The stock market will go up. The stock market will go down. The sun will rise tomorrow.

All of these things are true. The difference is that we can predict the third one. The Farmer’s Almanac will tell you exactly when and you can bet the ranch on it. If somehow you lose, you won’t need the ranch anyway.

Everybody wants to be invested when the market is rising, and historically it has always gone up over the long term. This is because populations and economies have been growing for centuries. The problem is that there have been some very significant hiccups along the way.

The market is well along on a multi-year rally, and, so far, enthusiasm for promises made by the new administration have kept it rolling. Can we expect it to continue, and for how long? See the first two statements above.

Economist Ed Yardeni makes the case that investors keep buying dips because feared crises like a euro meltdown caused by Greece, or a recession caused by the drop in oil prices, or any number of events publicized in panic mode have failed to materialize. “Nothing bad is happening, and that’s good news for stocks,” says Yardeni. Of course, that can change in an instant.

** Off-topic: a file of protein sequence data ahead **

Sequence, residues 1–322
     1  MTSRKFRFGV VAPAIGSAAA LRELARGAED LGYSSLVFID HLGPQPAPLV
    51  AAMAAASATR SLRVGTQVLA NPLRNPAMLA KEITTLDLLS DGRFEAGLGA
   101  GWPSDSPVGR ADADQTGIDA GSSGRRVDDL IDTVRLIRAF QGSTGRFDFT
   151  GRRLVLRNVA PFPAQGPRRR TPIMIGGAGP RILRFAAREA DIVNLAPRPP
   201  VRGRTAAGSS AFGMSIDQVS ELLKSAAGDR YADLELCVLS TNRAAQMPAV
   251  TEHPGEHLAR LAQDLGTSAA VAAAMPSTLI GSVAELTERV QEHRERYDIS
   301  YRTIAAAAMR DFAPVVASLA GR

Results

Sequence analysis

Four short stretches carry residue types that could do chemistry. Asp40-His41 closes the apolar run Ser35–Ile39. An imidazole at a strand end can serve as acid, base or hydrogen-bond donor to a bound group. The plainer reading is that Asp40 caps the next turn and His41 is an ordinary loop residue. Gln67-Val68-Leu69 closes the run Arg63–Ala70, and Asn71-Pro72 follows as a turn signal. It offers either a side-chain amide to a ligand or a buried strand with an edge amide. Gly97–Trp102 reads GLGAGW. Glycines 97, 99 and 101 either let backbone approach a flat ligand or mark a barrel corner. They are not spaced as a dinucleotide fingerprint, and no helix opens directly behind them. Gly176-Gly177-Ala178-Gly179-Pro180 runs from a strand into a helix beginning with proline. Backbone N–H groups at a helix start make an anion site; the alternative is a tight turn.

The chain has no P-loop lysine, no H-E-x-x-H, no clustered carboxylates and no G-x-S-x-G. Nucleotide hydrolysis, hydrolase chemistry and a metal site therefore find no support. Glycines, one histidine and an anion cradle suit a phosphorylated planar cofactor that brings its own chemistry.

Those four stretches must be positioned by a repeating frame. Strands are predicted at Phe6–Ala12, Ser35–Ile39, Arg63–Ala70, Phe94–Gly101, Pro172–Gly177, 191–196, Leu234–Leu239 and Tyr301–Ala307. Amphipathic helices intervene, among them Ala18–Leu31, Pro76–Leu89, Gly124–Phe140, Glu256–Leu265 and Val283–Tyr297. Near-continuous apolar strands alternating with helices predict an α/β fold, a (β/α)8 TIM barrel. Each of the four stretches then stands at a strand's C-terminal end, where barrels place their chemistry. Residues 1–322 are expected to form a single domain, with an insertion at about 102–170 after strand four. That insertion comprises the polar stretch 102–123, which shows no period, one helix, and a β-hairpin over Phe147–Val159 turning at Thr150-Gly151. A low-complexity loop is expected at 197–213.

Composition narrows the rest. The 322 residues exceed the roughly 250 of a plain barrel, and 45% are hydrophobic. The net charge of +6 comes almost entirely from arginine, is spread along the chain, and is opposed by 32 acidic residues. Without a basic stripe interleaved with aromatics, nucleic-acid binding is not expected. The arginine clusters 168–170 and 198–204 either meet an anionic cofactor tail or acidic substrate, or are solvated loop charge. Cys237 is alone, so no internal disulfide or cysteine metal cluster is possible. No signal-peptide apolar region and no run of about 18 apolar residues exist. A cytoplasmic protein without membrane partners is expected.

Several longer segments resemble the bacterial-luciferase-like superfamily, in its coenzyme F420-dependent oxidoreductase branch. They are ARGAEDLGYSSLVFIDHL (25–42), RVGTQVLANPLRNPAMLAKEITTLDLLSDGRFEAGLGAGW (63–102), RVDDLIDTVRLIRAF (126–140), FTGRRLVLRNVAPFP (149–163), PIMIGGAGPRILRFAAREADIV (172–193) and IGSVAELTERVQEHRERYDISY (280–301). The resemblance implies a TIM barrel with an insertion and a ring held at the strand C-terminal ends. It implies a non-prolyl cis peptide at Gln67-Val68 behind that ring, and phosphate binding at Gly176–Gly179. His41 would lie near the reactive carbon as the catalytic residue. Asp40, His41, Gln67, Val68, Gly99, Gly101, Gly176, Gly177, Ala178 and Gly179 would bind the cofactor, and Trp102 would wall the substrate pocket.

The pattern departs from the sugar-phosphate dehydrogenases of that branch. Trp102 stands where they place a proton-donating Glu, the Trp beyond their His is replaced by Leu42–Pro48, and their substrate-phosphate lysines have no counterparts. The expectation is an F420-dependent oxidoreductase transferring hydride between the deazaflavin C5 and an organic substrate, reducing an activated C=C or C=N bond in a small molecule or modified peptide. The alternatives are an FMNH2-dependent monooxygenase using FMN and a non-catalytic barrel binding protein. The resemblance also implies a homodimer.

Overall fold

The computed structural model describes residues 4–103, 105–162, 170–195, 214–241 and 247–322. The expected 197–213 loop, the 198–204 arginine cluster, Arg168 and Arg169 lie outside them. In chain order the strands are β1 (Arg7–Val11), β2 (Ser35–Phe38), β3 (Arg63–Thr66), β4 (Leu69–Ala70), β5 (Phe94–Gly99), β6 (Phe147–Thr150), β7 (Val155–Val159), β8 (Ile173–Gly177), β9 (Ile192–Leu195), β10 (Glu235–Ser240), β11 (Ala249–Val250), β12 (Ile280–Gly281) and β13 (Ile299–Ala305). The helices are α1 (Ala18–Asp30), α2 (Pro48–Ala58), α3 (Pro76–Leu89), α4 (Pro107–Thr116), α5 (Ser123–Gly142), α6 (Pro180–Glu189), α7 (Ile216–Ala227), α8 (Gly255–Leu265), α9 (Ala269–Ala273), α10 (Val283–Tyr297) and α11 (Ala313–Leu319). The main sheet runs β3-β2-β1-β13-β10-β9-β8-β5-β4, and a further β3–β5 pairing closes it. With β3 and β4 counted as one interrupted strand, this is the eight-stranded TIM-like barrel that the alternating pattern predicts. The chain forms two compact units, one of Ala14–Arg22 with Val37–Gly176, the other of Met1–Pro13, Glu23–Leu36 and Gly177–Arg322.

A major force behind stock prices is earnings. Earnings season is upon us, and reports are consistently good. Earnings of S&P companies reporting so far are up 14% year over year.

On the other hand, first quarter GDP came in at an anemic 0.7% growth rate. On the third hand, the first quarter is generally low because of a variety of reporting anomalies and, frequently, weather. Most predictions are for better numbers later in the year.

Unemployment remains low; wages are pushing up. Tax policy and healthcare remain confusing, controversial and unresolved. Bulls are optimistic that these will work out satisfactorily, bears are less so.

The international situation is concerning. Will America reassert itself as a stabilizing force in the world, or will terrorism and rogue nations continue to threaten peace? What is happening with the EU and European economies? China?

To all these complicated elements, investors must add their own situations. What is your risk tolerance? How old are you? What are your known future requirements? What are the tax consequences of altering your portfolio?

Investing is neither a guessing game nor a science. Careful investing results from analyzing and interpreting the flood of news and opinion on all these subjects, and finally making a judgement of what and when to buy or sell. Sometimes markets send confusing messages, but now is not the time to step away.